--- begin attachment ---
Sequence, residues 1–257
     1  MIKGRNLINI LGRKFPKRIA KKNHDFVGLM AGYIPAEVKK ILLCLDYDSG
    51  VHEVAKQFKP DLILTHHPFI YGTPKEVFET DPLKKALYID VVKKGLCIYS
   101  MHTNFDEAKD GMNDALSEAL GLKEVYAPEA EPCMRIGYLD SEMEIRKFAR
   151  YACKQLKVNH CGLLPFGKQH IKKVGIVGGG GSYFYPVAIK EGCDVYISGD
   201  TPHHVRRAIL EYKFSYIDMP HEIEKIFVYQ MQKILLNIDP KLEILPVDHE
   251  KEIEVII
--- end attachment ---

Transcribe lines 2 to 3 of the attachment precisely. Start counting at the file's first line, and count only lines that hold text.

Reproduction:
     1  MIKGRNLINI LGRKFPKRIA KKNHDFVGLM AGYIPAEVKK ILLCLDYDSG
    51  VHEVAKQFKP DLILTHHPFI YGTPKEVFET DPLKKALYID VVKKGLCIYS